Maternity failings cost Essex NHS Trust £103m in the past 10 years

Maternity failings cost Essex NHS Trust £103m in the past 10 years

Essex NHS trust pays out £103m over maternity failings

BBC News

An NHS trust paid £103m in compensation in the past 10 years following failings in its maternity department.

A Freedom of Information request revealed the pay-outs made by the Mid and South Essex NHS Trust.

The Trust also had the highest number of successful clinical negligence claims of any NHS provider, according to recent data.

A Trust spokesman said the maternity payments related to cases which could have happened over a 20-year period.

The obstetric figures, obtained by Channel 4 News, revealed pay-outs and costs totalling £103,097,198 between 2010-11 and 2020-21.

Clinical negligence claims during this period related to 36 mother or baby deaths, 31 babies with brain damage, 24 with cerebral palsy and 27 stillbirths.

Overall there were almost 300 obstetric claims against the Trust and its three predecessor organisations over the 10-year period.

Last year the Care Quality Commission (CQC) said there were still concerns about staffing levels within the Trust's maternity units at Basildon, Southend and Broomfield hospitals.

The Trust also had the highest number of successful clinical negligence claims of any NHS provider, according to recent data covering all of its departments.

According to data published in December by NHS Resolution, which handles negligence cases on behalf of the health service, the Trust recorded 179 successful claims against it in 2020-21 relating to all its departments.

These resulted in damages valued at £107.7m, the highest in the NHS.

The Trust was created in April 2020 by the merger of the three trusts of Mid Essex, Southend and Basildon, and most of the cases originated before that merger.

Its combined maternity units make it the third biggest in the country, dealing with 12,500 births a year.

Safety incidents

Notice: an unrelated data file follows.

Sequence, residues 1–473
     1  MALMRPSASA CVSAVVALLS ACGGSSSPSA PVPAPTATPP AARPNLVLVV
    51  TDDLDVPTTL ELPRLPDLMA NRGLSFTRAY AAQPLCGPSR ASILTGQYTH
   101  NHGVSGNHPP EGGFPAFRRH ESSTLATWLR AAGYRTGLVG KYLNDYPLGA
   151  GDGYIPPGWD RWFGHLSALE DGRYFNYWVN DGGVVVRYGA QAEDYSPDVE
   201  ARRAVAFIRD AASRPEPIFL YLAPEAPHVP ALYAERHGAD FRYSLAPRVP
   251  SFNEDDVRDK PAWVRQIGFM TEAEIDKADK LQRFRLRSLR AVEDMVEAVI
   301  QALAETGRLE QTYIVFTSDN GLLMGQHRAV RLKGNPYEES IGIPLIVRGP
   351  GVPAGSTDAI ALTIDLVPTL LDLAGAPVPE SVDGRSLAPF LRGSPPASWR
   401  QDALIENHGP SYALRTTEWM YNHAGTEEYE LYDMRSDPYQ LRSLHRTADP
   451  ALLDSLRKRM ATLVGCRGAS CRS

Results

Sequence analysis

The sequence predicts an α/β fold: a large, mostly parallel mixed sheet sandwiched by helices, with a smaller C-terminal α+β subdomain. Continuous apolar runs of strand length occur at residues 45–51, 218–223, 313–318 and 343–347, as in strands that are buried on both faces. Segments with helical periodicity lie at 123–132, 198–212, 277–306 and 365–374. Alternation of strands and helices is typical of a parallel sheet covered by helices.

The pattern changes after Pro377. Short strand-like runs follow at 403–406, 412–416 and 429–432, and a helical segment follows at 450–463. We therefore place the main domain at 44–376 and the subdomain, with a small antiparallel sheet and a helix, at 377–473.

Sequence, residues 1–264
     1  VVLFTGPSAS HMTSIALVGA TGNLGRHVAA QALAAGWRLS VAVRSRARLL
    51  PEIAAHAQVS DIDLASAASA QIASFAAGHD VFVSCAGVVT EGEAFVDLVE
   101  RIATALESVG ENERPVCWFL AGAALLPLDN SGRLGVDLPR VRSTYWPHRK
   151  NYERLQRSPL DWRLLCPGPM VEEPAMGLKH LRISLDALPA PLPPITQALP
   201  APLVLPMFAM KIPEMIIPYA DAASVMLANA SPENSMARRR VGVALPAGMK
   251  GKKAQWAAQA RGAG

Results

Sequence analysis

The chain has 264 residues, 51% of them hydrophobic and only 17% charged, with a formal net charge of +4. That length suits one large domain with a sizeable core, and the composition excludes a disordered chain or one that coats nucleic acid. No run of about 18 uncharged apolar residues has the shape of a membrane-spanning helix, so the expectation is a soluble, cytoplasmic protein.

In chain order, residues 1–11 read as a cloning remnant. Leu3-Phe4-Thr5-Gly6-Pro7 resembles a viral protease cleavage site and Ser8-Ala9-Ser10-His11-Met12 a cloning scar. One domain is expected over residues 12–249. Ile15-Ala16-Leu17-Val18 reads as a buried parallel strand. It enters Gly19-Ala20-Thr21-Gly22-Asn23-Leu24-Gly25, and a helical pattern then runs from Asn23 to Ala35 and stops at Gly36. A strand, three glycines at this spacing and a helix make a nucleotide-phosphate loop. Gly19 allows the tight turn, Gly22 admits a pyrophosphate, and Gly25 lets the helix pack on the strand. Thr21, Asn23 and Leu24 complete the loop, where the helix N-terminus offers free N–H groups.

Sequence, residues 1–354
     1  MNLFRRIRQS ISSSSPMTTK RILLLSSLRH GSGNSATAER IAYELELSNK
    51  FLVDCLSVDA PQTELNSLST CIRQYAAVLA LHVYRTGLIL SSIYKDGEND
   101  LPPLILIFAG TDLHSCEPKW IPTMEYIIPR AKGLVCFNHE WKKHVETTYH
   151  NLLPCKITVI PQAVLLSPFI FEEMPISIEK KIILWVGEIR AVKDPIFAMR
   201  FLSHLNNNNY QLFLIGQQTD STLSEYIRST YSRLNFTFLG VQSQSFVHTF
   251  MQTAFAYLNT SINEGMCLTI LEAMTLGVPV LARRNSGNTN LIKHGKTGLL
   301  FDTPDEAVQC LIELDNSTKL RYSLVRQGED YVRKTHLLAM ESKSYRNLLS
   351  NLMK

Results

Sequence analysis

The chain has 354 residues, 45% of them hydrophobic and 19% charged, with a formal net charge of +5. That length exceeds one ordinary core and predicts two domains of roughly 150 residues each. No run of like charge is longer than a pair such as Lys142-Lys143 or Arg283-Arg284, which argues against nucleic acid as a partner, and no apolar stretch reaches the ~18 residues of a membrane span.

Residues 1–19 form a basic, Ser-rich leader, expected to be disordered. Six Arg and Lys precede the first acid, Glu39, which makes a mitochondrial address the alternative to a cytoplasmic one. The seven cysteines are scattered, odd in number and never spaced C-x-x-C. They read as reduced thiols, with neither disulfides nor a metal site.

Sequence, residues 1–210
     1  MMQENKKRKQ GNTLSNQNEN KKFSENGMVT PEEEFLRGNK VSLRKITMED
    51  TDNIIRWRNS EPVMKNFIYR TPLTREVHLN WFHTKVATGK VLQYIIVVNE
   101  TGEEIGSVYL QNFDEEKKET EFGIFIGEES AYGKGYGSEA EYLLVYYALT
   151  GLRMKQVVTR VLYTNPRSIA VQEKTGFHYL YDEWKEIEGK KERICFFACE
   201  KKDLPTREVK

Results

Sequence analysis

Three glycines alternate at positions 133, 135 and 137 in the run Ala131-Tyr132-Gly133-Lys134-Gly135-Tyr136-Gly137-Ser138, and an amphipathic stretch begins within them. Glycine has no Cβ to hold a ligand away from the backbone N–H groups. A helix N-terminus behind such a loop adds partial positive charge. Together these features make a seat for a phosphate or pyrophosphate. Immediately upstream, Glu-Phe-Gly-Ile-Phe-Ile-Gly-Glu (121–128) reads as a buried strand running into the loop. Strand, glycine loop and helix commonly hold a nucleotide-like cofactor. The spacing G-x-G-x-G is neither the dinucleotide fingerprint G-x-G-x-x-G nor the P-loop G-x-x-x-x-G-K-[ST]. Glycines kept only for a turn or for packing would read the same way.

Basildon Hospital's maternity unit had previously been rated inadequate due to problems with leadership and staffing.

However, this had improved by the time of the most recent inspection with the service upgraded to a "requires improvement" rating.

There had also been an increase in "safety incidents", where patient safety was compromised, with 397 reported from May to July 2021, according to the CQC.

But staff were praised for the way they had managed these incidents, with learning being shared across the wider service.

At the time of the publication of the inspection report last September, the Trust said it had just recruited an additional 40 midwives.

In November 2020, the BBC reported that the Trust had been handed an urgent safety deadline by the CQC and had conditions imposed on its registration over the failings at Basildon.

This followed the death of Gabriela Pintilie in February 2019 while giving birth to her daughter and "a high volume" of whistle-blowers who had approached the regulator.

An inquest into her death concluded there had been "delays, confusion and a lack of leadership" after Ms Pintilie, 36, lost six litres of blood.

'Staggering'

Mrs Pintilie's husband Ionel had taken legal action against his Trust and his solicitor Stephanie Prior said that problems persisted.

Responding to the number of successful claims in 2020-21, she said: "I think it's staggering.

"These pay-outs have been made because claims have been successful whether they've been fully litigated or whether they've been settled out of court, but the fact of the matter is that the NHS trust is not learning from its mistakes, and rectifying issues and problems that have caused these claims to be made in the first place."

NHS Resolution guidance says the list of compensation pay-outs made by trusts should not be treated as a league table owing to "different levels of risk because of the variations in the nature and complexity of the procedures they perform".

However, Mid and South Essex's figures are still the worst when compared with similar-sized institutions performing the same acute hospital functions.

A spokesman for the Trust said: "Since our merger, we are one of the largest trusts in England and the figure is for all clinical claims across all of our sites settled in 2020-21.

"The incidents giving rise to these claims could have happened up to two decades before.

"Over the last few years we have made improvements to our maternity services, including recruiting 40 newly-qualified midwives, a consultant midwife, practice development midwives and maternity care assistants and securing almost £2m in funding for the further recruitment and development of staff.

"We are pleased that the CQC's latest inspection recognised the work that has taken place and improved our rating."